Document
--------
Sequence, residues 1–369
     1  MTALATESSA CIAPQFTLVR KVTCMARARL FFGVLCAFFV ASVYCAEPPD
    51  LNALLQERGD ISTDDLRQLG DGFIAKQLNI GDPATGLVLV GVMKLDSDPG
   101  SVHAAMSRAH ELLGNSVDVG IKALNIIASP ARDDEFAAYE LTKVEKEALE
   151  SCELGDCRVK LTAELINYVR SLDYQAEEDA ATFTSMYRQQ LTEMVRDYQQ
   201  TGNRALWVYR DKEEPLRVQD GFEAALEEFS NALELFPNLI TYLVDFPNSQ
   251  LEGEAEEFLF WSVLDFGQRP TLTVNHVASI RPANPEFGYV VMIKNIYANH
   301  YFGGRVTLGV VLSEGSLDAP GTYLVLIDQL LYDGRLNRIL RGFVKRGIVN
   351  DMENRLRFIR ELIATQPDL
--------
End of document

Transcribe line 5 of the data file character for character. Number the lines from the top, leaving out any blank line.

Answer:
   151  SCELGDCRVK LTAELINYVR SLDYQAEEDA ATFTSMYRQQ LTEMVRDYQQ